Wednesday, July 27, 2011
How Does A Quit Claim Deed Work?
People who own several real estate properties may, at some point in their lives, turn over a house to another person such as a sibling, give it as a gift to a child or grandchild or sell it. During these instances, the owner is required by law to execute a quit claim deed to make sure that he or she will no longer claim interest on the property.
A quit claim deed is a legal document that clears title to the property. It is used in the transfer of an interest on a property to another person. By its name alone, it means the owner quits any claim on a house or land. The person who is quitting claim is known as the grantor while the one who accepts the property is called the grantee. The grantee assumes all risks especially if no guarantees or warranties are made on the title.
The deed, however, only transfers interest and does not guarantee if the grantor actually has ownership rights on the property concerned. It also does not ensure that the property is without debt.
In order for it to be enforceable, the deed has to be signed by the grantor after which a notary public should sign and stamp it. In some states, though, the grantee and other witnesses are required to affix their signature as well. Apart from a notary public, officials from states other than where the property is located can also notarize the deed.
There are different situations in which a quit claim deed can be of great help. For married couples, a spouse who was able to purchase a property before marriage can add or remove the name of his husband or wife to or from the property title. In a divorce situation, a couple can transfer ownership of their conjugal property to one spouse.
During the sale of a house, a quit claim deed executed at closing transfers the property interest from the seller to the buyer. In other words, the seller totally disposes of the property rights and guarantees that he or she will no longer go after it whatever happens.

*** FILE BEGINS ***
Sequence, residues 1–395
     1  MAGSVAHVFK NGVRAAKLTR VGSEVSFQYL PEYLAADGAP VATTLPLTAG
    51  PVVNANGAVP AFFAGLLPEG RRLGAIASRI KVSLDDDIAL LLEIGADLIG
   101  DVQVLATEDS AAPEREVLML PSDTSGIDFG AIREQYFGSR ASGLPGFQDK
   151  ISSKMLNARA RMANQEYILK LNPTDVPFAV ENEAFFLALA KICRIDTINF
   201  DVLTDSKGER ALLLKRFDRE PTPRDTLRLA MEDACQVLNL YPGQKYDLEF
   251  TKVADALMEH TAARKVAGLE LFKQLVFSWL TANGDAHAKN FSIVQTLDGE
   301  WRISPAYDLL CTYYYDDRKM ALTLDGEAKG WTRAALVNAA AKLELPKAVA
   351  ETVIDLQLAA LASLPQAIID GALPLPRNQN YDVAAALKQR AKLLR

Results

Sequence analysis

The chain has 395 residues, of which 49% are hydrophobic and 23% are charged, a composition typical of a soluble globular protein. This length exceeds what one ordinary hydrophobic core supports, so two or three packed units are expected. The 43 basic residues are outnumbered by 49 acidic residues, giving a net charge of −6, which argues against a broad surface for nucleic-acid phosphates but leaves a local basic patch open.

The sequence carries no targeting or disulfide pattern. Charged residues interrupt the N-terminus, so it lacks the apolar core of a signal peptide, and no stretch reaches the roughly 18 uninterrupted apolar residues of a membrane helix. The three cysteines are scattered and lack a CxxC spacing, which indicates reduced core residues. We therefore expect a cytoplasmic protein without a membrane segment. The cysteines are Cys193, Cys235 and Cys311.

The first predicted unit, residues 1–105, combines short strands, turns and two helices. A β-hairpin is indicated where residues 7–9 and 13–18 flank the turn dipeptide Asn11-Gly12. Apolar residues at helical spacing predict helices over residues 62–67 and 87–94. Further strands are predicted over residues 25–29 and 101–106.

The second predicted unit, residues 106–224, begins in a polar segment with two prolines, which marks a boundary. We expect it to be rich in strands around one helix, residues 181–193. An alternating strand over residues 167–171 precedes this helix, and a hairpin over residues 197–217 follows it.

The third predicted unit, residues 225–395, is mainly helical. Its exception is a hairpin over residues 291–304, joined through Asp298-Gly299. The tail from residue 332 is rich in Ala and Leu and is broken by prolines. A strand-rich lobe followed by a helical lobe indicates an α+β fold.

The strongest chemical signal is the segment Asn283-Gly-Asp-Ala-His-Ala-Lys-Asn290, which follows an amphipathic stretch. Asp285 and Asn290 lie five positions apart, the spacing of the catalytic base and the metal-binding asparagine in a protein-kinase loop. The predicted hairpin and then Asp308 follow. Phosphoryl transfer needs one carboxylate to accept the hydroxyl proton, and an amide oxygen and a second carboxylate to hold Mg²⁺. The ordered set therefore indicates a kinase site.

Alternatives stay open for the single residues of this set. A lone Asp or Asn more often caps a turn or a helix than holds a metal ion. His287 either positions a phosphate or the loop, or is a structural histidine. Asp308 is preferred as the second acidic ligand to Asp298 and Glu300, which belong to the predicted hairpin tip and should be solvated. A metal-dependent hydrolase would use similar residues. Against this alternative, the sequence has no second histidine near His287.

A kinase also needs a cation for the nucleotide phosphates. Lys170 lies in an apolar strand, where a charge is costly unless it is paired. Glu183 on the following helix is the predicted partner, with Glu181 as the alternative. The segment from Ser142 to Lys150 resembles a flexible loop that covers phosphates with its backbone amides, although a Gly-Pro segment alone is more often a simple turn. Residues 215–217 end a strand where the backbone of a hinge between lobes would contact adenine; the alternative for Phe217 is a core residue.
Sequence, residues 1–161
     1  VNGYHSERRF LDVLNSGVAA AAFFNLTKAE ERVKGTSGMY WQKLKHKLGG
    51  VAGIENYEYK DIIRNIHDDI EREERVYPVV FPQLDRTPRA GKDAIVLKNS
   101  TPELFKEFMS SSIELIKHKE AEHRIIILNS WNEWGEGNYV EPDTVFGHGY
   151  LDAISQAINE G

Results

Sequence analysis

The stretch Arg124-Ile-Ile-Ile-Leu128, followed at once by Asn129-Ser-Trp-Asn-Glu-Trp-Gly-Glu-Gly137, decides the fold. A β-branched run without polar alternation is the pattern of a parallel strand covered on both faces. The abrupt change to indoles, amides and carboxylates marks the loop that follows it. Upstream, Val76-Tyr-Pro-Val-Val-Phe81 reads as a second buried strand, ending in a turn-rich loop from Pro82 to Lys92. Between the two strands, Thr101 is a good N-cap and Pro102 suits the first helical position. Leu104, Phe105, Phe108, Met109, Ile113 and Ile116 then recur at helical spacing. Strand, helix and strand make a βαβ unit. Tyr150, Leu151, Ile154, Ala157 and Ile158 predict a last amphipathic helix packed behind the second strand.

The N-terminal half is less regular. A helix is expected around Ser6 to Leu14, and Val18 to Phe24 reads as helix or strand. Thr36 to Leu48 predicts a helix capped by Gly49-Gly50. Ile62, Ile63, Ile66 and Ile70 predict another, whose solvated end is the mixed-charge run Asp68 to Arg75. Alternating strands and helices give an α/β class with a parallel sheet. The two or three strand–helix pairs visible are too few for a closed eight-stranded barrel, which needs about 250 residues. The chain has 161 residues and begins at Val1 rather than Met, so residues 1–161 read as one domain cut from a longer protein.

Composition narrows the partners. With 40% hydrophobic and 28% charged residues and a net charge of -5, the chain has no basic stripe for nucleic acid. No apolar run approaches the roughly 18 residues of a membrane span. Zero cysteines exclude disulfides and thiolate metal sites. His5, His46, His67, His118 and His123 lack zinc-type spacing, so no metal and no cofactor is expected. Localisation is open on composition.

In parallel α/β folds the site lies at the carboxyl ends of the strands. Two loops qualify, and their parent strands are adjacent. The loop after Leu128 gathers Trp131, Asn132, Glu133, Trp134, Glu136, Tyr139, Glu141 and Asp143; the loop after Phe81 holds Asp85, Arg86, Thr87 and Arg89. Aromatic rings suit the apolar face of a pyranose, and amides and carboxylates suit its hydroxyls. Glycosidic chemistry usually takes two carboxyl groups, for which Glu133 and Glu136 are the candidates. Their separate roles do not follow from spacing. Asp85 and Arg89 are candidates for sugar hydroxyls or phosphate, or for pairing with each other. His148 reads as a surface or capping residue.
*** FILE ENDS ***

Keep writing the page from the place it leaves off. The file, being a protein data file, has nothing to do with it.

Another situation where the deed can be used is if a certain homeowner plans for an estate or a living trust. In this case, the deed transfers the ownership of his house into a trust fund.
If a life estate is involved, the grantor can still keep his right to possess the property even after signing a quit claim deed. A life estate usually gives the owner the absolute right to stay at the property until death. It is only after the owner's death that the grantee is able to get the right to possess the property.
It is important to understand that once the deed is signed, it will be hard to reverse or undo the deed. Only if the grantee agrees to quit claim the property back can the previous owner possess the property again. Otherwise, the grantor will have to show proof that the transfer was invalid.
A quit claim deed is a valid option for giving up property interest. But since transfer of title or ownership rights is not guaranteed by this document, it is best accompanied by a warranty deed.
Article Source: http://EzineArticles.com/1524530
Posted by Anonymous at 10:12 AM